2. Number of hours of service that has been determined to be clinical required for level of care/benefit design within your agency (i.e., Level One clients receive 1 hour of therapy per month vs. Level Four clients receving 3 hours of therapy per month, etc.)
3. Mix of clients by LOC/Benefit Design Level within a specific clinician’s/direct service provider’s case load.

Hope that this helps.

David Lloyd
MTM Services

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Ron Brand August 4, 2010 at 2:11 pm

1. Health reform envisions some different payment methods that might combine various services that are current paid as separate units. Many behavioral health providers focus on productivity and “service capacity” and billable hours. With different payment methods that might bundle several services or pay based on an “episode of care”, what changes would you anticipate in how provider organizations monitor “productivity”, compensate staff, forecast revenue, etc.

2. Many community behavioral health providers would say that their strength is an ability to coordinate and deliver a combination of services–medications, rehab., case management, therapy and support services–based on individual needs and goals.
However, some primary care-based health care home models emphasize a “care coordinator” plus a case consultation role for behavioral health specialists….and maybe a referral to a specialist as needed.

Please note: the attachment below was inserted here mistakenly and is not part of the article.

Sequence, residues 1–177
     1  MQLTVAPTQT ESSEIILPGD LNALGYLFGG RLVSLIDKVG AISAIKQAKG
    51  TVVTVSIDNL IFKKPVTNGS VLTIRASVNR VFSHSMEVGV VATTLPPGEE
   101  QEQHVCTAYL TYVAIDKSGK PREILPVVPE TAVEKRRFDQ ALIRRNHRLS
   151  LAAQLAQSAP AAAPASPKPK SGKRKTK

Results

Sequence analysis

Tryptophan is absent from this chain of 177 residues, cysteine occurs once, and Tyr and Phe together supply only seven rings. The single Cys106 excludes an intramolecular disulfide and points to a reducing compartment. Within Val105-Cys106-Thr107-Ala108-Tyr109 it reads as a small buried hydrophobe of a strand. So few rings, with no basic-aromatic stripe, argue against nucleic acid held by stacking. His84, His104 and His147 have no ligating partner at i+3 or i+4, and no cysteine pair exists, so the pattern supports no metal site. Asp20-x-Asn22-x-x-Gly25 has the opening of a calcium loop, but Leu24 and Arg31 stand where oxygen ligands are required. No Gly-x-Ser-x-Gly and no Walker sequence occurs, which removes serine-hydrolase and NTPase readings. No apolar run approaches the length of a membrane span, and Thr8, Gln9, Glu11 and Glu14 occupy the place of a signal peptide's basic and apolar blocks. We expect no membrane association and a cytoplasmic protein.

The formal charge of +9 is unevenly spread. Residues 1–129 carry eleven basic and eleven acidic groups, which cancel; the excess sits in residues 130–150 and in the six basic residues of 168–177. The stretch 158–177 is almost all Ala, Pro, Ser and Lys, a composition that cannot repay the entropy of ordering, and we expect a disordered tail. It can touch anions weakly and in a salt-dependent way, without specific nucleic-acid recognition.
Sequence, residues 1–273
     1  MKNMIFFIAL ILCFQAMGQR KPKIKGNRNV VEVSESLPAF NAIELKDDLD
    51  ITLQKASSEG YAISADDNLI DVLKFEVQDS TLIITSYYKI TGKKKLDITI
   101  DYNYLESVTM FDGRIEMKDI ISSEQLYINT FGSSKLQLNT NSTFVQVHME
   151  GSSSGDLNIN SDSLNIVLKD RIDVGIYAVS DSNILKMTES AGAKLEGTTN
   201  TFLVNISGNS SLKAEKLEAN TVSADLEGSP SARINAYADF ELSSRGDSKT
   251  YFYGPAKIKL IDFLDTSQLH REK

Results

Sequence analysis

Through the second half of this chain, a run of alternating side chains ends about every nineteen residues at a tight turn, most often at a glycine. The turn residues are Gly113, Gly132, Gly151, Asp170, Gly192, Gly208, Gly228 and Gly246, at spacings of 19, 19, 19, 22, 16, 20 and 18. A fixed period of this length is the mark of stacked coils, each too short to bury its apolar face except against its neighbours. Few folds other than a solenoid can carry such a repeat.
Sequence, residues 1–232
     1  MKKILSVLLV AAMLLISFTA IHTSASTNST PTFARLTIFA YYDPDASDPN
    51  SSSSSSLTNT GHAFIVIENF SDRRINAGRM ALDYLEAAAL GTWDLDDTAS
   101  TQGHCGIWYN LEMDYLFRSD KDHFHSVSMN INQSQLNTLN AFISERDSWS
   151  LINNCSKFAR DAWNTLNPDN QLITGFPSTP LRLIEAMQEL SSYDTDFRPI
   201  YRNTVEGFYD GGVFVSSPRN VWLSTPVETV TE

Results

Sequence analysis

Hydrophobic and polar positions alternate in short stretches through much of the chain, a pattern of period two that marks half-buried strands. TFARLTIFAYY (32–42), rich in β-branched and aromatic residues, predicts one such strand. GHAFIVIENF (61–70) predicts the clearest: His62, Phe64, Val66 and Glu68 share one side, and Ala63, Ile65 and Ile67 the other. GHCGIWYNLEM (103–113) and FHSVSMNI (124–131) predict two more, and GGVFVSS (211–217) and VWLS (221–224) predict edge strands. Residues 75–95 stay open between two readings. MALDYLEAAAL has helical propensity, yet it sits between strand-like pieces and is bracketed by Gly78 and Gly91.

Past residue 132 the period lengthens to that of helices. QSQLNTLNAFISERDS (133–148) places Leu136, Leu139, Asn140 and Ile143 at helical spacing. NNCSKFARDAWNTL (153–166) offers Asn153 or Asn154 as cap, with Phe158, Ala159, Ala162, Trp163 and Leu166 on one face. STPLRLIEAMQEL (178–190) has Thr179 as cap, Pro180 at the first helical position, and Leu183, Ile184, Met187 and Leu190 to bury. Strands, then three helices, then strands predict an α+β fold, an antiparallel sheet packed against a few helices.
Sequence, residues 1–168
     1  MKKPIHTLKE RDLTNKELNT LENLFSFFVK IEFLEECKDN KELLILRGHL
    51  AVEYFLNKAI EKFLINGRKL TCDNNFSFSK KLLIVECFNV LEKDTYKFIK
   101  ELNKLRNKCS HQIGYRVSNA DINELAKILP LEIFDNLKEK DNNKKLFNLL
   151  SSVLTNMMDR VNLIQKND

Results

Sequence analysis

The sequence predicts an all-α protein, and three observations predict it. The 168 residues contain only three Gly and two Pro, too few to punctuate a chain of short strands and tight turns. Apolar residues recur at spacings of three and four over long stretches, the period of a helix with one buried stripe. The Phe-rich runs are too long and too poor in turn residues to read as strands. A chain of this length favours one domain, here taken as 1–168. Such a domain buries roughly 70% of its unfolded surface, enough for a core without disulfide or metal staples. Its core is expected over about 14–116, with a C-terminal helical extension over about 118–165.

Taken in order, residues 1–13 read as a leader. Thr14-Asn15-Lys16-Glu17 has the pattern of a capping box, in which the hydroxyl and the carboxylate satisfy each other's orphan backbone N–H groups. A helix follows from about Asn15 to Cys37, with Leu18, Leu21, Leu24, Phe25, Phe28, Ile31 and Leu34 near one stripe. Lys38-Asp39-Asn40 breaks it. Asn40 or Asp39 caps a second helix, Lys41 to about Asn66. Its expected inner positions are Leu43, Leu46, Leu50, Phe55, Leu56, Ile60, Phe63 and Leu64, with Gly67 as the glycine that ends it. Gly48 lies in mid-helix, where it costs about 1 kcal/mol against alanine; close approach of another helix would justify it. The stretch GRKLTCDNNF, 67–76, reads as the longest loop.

This type of relationship may not tap into the best of what a CBHO could offer, especially for a more complex patient situations. What suggestions do you have on how CBHO could position themselves in relationship to a primary care health care home….or even an Accountable Care Organization?

Reply

David Lloyd August 5, 2010 at 12:45 pm

Ron:

Thanks for the very important questions….

First, my thinking is that the basic productivity levels (billable hours of service capacity provided) for staff can not be reduced if they were historically based on cost of service versus revenue received considerations. The level of productive may have to increase depending on the payment methodology (i.e., Bundled payment, episode of care, case rate, etc.) and the level of total payment that the ACOs and/or PCP based medical homes will offer.

The reason for this conclusion is:
1. In all cases we are going to have to provide the most efficient cost of services possible to ensure we can be competitive in our negotiations for provision of BH services within ACOs and PCP based medical homes. If we are not, then the ACO may look at other BH providers that will meet the specialty care cost model in their service array and/or develop their own BH service capacity “in house”.

2. There will be a need to change productivity performance models to align the direct services being provided by staff to the method that the BH organization will be paid for those services. An example of a case rate performance standard developed by a team provides the additional metrics:

Case Rate Payment Methodology:
Service Coordination
Standard-

Standard:
1. 1,200 billable hours billed per year
2. Case Load minimum size is 45 cases with 95% of caseload receiving two contacts per month consisting of at least one 15 minute minimum face to face contact and one 15 minute minimum telephonic contact per month

Compliance Rating:
1,200 hours of billable service delivered per year and 95%of caseload billed per month=Full Compliance